The Weekly Standard
January 16, 2012
by Irwin Stelzer
America's more or less free-market capitalism is not under threat from Marxist-Leninism: That system's demonstrated failures have consigned it to the ash-heap of history. Nor is it under threat from China's system of managed economy plus political repression: We can't even abide police breaking up a disease-infested occupy-something-or-other encampment. It is not even under threat from socialism, the hysterical charges of some anti-Obama extremists notwithstanding.
No, it faces a far more subtle enemy—the gradual loss of acceptance of the idea that markets more efficiently allocate resources than governments, of the parallel idea that properly but not excessively regulated markets produce unparalleled levels of material wellbeing (something Marx conceded), and, finally, of the conviction that material prosperity is fairly shared among all who participate in its creation, with enough left over to care for those too ill, old, or otherwise impaired to participate in productive activity. When the broad consensus erodes that capitalism as practiced in America is better at creating and distributing wealth than any other system, the way is open for fundamental legislative and regulatory changes that strip the system of its flexibility and innovative drive.
Which is what makes the behavior of the leaders of our financial sector so inexplicable. Start with a few widely agreed facts. The financial sector does not have a recent history of which it can be proud. Investment banks bet their own money that the mortgage bubble would burst while at the same time advising their clients to buy mortgage-backed securities. Managers of our largest banks took on risks they did not understand, safe in the knowledge that they were too big to fail—that the government would have no choice but to bail them out in order to avoid a cataclysm, or at least a deep recession.
Compensation was decoupled from performance, with failed executives tottering off onto their country clubs' golf courses after pocketing multimillion-dollar bonuses and being awarded the use of company jets and office facilities.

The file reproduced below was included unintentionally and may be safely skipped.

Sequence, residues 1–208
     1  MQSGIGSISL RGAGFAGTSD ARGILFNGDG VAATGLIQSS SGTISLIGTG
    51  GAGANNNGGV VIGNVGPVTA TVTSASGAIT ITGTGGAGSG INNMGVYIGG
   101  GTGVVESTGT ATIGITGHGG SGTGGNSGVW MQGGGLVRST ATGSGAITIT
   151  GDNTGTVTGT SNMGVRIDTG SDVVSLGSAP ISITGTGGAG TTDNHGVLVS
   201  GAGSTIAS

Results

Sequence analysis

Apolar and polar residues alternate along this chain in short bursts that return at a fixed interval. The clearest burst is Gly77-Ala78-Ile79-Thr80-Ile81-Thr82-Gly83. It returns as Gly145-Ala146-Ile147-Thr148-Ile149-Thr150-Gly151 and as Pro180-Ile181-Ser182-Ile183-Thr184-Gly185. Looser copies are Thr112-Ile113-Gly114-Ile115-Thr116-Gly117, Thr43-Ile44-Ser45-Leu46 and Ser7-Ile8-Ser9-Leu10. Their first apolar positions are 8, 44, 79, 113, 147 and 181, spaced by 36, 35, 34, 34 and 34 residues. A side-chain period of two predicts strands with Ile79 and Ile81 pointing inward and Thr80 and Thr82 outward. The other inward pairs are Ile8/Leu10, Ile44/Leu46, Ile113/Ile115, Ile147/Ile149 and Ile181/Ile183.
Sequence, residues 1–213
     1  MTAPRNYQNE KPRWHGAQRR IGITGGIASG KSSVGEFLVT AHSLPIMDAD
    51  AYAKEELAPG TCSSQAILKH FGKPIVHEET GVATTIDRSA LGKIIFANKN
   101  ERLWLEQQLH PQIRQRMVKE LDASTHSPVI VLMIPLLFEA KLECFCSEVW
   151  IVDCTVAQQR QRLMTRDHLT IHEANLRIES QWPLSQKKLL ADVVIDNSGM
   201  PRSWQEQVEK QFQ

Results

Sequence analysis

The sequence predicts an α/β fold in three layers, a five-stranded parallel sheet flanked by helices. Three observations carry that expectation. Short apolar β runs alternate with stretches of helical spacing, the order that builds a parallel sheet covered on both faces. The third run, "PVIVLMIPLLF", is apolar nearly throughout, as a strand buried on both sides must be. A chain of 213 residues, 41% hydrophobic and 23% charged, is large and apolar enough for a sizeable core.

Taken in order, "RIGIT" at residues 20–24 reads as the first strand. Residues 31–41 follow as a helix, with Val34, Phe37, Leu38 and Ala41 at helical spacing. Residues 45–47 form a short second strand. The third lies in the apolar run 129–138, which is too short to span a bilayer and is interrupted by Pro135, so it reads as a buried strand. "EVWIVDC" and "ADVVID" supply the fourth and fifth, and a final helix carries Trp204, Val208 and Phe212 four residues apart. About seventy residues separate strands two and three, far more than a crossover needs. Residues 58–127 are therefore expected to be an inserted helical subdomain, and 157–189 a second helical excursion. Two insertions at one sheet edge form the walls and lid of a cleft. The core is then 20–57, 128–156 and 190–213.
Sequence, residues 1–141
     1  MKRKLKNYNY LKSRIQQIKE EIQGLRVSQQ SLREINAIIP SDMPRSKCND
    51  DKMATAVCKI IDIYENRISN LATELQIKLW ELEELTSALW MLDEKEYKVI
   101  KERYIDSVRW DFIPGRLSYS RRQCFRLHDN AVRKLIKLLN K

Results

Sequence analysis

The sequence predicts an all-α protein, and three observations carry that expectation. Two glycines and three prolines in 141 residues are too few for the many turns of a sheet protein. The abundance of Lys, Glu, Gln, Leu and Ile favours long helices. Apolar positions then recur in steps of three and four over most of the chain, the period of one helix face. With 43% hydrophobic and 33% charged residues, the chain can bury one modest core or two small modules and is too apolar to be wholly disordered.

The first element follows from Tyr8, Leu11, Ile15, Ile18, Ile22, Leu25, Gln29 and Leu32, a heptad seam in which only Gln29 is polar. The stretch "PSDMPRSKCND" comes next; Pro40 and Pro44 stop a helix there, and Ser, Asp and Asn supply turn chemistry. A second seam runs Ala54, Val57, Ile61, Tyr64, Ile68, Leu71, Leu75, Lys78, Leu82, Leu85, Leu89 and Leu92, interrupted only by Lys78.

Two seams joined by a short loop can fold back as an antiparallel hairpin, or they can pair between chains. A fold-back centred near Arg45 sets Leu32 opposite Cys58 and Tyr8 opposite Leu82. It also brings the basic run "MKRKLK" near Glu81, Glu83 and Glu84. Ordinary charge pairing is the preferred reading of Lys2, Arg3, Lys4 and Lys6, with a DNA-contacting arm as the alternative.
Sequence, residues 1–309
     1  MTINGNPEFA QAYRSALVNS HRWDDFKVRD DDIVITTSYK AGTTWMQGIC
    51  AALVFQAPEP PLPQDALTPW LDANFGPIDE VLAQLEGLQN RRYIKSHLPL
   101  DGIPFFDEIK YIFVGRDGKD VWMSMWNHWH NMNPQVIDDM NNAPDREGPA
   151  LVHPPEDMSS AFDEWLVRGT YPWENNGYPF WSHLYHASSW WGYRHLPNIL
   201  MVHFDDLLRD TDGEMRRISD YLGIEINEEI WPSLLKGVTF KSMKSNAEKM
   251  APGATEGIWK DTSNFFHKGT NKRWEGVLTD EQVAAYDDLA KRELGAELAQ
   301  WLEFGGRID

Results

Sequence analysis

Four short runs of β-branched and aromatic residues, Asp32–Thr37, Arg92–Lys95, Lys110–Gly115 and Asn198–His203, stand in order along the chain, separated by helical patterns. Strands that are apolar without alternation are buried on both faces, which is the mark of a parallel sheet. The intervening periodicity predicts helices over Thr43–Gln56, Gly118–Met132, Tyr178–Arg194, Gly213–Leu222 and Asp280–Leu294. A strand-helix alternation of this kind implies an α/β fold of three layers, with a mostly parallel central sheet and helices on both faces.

Some idea of the mindset of the leaders of the financial community can be gleaned from their response to criticism. Lloyd Blankfein, head of Goldman Sachs, claimed to be doing "God's work," a linking of God and Mammon that might have come as a surprise to the Lord. Charles "Chuck" Prince III, soon to be defrocked as CEO of Citigroup and sent packing with multimillions in payoffs, pensions, and perks after a reported $64 billion decline in the value of the bank over which he presided, explained the intellectually demanding risk analysis techniques he applied in his work: "When the music stops, in terms of liquidity, things will be complicated. But as long as the music is playing, you've got to get up and dance. We're still dancing." So were the passengers on the Titanic when it hit that iceberg.
Meanwhile, income inequality increased. We are not sure of all the reasons for this development, but we do know that it is in part because globalization brought millions of dollar-a-day workers into the international economy to compete with American workers; in part because the premium for skills and training was rising as the political class ceded control of the American education system to dirigiste teachers' unions that prevented needed adaptations to the new world; and in part because money talks in the rooms in which the tax code is twisted to the advantage of special interests. Worse, mobility fell, creating an atmosphere ripe for an embattled president to declare class war rather than take on entrenched interests, i.e., unions fighting to prevent entry into trades and to preserve extortionate pensions; bankers willing to pour millions into Obama's campaign coffers in return for prestigious photo-ops and appointments to meaningless committees; billionaires pressing him to increase taxes on families with relatively modest incomes while their capital gains and deal-generated profits receive gentler treatment at the hands of the tax collector.
None of these ills seems curable in the face of entrenched opposition by members of the financial and business communities, and other interest groups. The Democrats quite predictably defend the trade unions that fund them, and what they see as the disadvantaged, never mind that that group now includes wealthy older people who would be offended if their Social Security and medical benefits were reduced a trifle by means testing. The Republicans see no reason why the very, very wealthy should have their tax burden increased a bit, their corporate clients should lose their special tax benefits, or the lucky winners of the gene lottery should pay higher taxes on their inheritances. The result of this crony capitalism—each party with its own cronies—is a lack of radicalism, a you-don't-gore-my-ox-and-I-won't-touch-your-sacred-cow system.